The belief was that, with our brains not being overly effective at calculating when presented with numbers as words, those who dined from menu three would end up spending more on average, as they lost track of their spend. However, what was found was that those dining from menu two actually had the highest spend.
Follow up research found that though many of us love shopping, no one enjoys the paying part of the process. When we are told the price of something in which a currency is shown (either through symbols or text) there is a spike in activity of the areas of the brain associated with pain. When the currency is removed, making the price a little more ambiguous, this effect is decreased, meaning the pain element is lessened leading to a slightly less money-conscious consumer.
4. Highlight and guide choice
Though we have already warned against heavy animation on a menu board, that isn’t to say there isn’t a place for selective animation. In some cases adding subtle motion in your menu board designs can be beneficial.
For one of our clients, we created an animated brand element that flies across a three screen menu array, ‘landing’ at specific points to take a breather. Though this movement seems to be random to the uninitiated, the client is actually able, though Pixel’s CMS, to control the path and resting points of the asset. With motion being a key tool in attracting attention, the idea is that you can look to target people’s attention to specific items.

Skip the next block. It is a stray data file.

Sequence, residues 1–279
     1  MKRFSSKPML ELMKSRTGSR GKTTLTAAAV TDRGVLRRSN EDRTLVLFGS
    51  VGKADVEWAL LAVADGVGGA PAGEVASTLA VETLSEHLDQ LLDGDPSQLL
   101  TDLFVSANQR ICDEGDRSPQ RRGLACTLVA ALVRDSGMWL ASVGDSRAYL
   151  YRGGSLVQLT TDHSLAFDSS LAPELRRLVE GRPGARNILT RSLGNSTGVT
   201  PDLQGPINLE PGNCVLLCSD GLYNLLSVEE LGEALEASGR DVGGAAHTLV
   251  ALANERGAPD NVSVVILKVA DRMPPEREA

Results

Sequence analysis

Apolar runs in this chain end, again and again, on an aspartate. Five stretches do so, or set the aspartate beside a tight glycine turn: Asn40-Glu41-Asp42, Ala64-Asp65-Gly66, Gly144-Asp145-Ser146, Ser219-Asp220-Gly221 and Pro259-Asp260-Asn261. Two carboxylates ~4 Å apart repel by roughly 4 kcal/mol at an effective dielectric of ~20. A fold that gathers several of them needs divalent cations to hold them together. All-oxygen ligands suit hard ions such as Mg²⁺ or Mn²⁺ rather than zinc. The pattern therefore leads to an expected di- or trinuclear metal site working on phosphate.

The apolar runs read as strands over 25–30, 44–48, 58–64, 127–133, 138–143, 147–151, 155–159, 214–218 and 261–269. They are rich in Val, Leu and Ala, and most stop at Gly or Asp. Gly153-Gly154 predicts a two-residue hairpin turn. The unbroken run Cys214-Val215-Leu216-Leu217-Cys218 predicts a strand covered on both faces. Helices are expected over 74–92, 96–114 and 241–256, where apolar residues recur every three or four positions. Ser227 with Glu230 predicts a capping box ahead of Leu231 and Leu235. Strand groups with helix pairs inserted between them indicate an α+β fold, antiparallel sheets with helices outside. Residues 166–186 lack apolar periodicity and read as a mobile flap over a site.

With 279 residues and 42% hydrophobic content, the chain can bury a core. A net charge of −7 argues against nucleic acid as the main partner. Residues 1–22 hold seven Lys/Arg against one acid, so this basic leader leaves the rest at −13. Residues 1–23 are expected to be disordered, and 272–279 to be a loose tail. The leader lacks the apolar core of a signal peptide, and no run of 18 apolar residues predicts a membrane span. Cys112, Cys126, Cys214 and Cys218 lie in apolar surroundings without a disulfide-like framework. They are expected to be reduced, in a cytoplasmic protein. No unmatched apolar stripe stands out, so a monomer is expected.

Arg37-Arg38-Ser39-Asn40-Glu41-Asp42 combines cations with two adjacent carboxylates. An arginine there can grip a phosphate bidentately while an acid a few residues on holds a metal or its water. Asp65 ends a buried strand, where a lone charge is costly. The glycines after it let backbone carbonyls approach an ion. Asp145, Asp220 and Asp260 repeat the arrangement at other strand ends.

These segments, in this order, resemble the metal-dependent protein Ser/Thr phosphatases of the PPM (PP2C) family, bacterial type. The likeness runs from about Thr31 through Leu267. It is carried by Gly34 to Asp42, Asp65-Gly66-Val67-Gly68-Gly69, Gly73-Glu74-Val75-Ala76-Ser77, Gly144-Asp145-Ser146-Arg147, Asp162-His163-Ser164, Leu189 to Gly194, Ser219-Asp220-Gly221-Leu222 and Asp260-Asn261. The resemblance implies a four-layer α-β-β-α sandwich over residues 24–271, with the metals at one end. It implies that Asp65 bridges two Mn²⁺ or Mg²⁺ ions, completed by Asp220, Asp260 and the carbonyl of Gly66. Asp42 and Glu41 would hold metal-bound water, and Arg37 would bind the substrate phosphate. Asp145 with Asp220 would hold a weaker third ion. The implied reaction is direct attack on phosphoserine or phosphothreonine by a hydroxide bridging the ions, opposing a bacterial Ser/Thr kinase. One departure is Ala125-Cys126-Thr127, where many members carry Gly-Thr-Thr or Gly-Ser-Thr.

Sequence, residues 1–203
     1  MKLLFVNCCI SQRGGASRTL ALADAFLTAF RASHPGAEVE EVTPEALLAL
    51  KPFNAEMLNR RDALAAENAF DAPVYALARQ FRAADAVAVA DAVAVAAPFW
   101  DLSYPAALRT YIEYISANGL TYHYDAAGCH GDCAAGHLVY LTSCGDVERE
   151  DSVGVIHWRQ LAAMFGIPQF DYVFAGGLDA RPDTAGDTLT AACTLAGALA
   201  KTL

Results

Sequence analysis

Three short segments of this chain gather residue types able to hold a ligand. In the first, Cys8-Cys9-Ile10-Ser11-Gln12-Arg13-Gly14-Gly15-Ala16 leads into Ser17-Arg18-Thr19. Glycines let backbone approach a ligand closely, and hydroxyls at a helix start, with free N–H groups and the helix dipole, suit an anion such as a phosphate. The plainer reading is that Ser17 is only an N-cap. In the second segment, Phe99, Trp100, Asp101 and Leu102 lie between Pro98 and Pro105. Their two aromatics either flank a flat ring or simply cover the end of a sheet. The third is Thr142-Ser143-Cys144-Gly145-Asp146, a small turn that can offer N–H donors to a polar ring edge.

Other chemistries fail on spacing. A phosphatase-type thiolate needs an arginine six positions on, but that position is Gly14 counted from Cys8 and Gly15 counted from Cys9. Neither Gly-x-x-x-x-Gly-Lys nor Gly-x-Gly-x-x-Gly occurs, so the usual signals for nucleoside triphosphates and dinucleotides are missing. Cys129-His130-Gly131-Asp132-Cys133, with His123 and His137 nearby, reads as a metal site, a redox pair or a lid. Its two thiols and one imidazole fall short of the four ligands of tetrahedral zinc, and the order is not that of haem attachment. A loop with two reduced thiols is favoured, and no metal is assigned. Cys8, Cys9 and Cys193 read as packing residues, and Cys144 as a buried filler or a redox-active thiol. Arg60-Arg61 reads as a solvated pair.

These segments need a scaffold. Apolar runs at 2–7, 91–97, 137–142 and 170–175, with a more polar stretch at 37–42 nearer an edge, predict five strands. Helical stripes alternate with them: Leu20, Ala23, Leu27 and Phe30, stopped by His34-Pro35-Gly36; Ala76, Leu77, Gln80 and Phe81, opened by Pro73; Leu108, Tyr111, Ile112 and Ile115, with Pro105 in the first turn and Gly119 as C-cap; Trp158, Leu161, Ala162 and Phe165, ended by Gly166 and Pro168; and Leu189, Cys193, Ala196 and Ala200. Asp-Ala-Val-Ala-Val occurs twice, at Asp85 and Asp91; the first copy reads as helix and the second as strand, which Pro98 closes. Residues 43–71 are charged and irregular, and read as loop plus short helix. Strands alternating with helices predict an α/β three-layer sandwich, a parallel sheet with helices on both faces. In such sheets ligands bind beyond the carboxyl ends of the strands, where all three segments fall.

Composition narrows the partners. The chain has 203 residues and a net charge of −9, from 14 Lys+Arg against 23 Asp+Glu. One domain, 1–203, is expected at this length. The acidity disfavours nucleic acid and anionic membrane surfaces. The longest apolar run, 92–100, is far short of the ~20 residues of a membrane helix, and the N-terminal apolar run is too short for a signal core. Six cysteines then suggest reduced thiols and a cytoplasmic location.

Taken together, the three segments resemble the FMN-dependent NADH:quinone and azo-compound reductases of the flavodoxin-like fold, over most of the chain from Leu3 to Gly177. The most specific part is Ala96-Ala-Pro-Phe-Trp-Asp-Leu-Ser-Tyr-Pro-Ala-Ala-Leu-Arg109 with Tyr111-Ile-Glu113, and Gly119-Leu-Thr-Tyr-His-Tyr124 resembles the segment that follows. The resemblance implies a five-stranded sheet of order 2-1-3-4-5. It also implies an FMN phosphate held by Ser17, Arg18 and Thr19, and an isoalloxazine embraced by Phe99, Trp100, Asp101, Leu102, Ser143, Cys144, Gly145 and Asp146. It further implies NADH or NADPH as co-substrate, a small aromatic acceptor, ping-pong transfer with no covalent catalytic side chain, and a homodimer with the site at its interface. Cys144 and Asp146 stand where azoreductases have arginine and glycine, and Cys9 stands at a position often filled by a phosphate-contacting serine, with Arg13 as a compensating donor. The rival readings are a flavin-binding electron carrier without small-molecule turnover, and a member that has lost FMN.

While this execution requires a good deal of coding nous and app development, it is entirely possible to achieve a similar effect using meaningful, pre-rendered animations within the menu content.
5. QSRs are meant to be quick. Don’t let other content slow you down
At Pixel Inspiration, there are fewer things more infuriating than seeing a digital signage menu board that, just as you are in the middle of deciding what you want to eat, changes to an ad promoting something we are not interested in at that time. Not only is it annoying, it slows down the whole service process, which, for quick service restaurants, isn’t ideal.